Let’s continue the conversation about what you want to know about improv. For reference, this started from a tweet where I want to hear what questions you have about improvisation
One question, or rather comment, I often hear is “Aren’t you nervous performing in front of others?”
“Aren’t you nervous performing in front of others?”
Nerves are a natural part of performing. All performers, presenters, and storytellers get nervous. Carol Kane, actor with a resume ranging from Dog Day Afternoon, to The Princess Bride, and more recently The Unbreakable Kimmy Schmidt recently shared the following in a Bullseye interview
“You’re not nervous for the other people you’re nervous because you’re wrestling with yourself to be as good as you know you’re supposed to be You have yo be you must be”– Carol Kane, Bullseye with Jesse thorn
Upon hearing this, I rewinded the clip three times to make sure I heard it correctly. This is true on so many levels but one example from this January captures the feeling perfectly.
It’s January 2019…
I am sitting in a team building workshop focussing on workshop and presentation skills. My group is about to present our approach and I’m kicking off the first few slides. And I feel something I haven’t felt in ages.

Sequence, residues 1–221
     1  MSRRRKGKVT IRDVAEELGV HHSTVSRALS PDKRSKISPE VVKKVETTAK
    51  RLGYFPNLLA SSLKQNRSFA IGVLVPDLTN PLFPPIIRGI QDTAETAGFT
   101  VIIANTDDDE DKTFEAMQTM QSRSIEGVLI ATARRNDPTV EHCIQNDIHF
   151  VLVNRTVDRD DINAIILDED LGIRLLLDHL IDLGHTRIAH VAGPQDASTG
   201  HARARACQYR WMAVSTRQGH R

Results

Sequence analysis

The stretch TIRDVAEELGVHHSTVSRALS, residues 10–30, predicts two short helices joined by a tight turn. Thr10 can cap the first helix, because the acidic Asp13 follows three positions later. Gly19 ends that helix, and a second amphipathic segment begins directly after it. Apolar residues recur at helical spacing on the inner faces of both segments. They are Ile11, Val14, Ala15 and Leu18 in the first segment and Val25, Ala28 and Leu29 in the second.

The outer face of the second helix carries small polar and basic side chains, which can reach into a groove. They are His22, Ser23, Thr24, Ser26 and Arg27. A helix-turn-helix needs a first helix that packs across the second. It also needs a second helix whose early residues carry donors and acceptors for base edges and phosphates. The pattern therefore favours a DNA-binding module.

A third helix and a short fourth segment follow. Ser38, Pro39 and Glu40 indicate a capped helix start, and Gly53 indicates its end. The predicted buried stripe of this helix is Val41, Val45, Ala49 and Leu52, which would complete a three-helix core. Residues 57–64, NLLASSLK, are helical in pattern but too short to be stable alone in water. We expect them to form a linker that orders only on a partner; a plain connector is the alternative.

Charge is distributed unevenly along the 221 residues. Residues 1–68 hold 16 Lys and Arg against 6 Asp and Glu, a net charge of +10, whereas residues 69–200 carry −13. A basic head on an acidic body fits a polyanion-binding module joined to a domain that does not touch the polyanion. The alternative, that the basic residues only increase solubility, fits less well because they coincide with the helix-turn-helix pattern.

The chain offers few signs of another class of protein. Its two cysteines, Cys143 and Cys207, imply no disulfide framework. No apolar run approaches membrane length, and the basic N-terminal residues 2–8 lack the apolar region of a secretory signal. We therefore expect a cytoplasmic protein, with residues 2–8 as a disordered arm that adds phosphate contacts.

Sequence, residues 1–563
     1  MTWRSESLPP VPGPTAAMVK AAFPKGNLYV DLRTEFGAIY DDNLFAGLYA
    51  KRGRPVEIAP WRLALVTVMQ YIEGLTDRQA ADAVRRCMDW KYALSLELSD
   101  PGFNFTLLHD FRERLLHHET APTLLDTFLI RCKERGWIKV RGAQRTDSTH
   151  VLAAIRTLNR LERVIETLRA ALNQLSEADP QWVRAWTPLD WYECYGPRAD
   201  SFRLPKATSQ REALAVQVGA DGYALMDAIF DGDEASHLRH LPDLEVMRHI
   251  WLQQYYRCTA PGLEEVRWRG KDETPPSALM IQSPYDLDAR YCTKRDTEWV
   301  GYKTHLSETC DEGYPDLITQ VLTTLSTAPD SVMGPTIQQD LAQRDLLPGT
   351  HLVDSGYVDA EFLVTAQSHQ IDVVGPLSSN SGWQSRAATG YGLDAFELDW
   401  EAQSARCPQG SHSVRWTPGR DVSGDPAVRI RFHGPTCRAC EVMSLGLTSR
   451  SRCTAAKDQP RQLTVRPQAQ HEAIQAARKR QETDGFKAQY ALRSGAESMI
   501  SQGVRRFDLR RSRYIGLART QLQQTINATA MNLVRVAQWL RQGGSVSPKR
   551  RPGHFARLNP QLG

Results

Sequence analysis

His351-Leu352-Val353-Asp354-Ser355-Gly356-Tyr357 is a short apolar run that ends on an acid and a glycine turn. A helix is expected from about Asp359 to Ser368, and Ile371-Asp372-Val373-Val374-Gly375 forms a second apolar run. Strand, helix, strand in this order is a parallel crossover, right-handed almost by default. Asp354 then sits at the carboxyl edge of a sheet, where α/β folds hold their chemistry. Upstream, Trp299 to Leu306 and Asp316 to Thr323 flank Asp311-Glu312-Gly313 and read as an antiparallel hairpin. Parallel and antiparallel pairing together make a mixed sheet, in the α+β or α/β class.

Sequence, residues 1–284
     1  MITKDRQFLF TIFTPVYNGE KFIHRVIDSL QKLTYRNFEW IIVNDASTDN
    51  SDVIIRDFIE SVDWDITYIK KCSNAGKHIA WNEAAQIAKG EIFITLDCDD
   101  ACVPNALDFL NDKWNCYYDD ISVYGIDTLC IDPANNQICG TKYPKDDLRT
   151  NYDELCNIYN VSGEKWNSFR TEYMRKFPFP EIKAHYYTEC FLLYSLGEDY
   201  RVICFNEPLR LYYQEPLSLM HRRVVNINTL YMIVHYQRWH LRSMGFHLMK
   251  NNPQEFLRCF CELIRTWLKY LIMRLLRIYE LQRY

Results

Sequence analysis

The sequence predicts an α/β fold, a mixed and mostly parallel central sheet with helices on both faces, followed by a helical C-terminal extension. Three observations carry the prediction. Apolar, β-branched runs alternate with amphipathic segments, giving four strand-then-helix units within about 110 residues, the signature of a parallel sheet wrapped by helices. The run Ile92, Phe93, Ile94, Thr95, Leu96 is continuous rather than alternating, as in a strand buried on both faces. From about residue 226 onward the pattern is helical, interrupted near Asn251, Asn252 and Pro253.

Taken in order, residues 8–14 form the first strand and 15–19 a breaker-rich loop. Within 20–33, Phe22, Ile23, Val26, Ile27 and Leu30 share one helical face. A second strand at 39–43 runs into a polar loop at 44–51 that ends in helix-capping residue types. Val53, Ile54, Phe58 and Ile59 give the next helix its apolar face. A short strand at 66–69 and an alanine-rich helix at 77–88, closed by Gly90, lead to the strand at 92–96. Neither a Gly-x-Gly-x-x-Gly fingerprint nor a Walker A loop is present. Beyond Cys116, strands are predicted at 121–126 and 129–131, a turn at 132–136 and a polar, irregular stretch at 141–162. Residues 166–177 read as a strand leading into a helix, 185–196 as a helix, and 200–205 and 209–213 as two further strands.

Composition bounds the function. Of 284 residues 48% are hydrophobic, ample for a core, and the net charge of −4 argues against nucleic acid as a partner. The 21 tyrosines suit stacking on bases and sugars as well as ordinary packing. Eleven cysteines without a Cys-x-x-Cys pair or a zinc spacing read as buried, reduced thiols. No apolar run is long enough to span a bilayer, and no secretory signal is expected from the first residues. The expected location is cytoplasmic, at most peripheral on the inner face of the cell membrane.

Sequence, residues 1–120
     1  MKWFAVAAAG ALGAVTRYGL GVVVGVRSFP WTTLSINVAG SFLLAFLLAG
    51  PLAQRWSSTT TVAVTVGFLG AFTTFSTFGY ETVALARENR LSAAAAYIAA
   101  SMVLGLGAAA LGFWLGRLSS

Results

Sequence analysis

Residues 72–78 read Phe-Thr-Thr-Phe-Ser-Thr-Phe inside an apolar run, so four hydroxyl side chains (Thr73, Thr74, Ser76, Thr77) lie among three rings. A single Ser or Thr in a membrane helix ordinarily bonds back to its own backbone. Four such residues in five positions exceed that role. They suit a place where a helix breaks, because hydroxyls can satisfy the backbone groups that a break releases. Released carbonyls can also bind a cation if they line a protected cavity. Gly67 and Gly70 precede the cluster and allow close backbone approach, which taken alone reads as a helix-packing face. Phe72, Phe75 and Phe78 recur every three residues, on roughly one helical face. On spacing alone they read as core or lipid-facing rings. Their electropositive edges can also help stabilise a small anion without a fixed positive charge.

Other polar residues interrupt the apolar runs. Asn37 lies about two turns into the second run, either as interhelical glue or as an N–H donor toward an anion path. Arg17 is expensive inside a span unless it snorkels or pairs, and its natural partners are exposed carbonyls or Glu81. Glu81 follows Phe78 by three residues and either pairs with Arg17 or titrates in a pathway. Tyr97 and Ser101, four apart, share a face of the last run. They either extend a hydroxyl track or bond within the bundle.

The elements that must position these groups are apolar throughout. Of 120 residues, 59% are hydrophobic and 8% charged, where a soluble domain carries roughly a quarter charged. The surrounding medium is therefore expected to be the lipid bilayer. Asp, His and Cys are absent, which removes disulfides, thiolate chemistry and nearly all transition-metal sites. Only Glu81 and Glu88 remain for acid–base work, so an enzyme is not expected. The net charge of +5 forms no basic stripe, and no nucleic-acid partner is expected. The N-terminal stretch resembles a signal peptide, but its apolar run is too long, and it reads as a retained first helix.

I’m presenting in front of my coworkers, my peers, my friends. But I’m no stranger to presenting. After all, I present at work all the time. Supporting sales, or presenting research findings and strategic concepts. But those are clients, not colleagues.
But I present to colleagues at conferences. In those cases I am invited to speak with the expectation that someone wants to hear from me. So even though they’re colleagues there is a separation provided by the podium and slides.
And I present through improv. Here I perform to a room of strangers, with very little to lose and the stage lights melting nerves away.
But presenting in front of the 15 people I work closely with every day? Now that’s nerve wracking. I want to be as good as I know I can be. As good as I’m supposed to be. I must be (thanks Carol for summarizing my feelings).
Back to Improv
So when I hear “Are you nervous” or “I’m too nervous” I need to ask, do you present for work? Wether formally for sales pitches or presentation of findings or informally talking about what you are working on?
I’d say all those things are exponentially harder than performing in front of a room full of strangers. And you are already doing it! Improv for strangers is easy by comparison to some of the internal criticism I give myself.
I know this isn’t a glowing endorsement of presenting and getting on stage. I don’t mean to add to any nerves about performing or presenting at work. Rather, I want to level set that we already perform. We already present. And sometimes what we are most scared about isn’t the presentation or the potential for failure, but rather trying something new.
I want to hear from you
What questions about improvisation do you have? Respond to the original tweet, or comment below!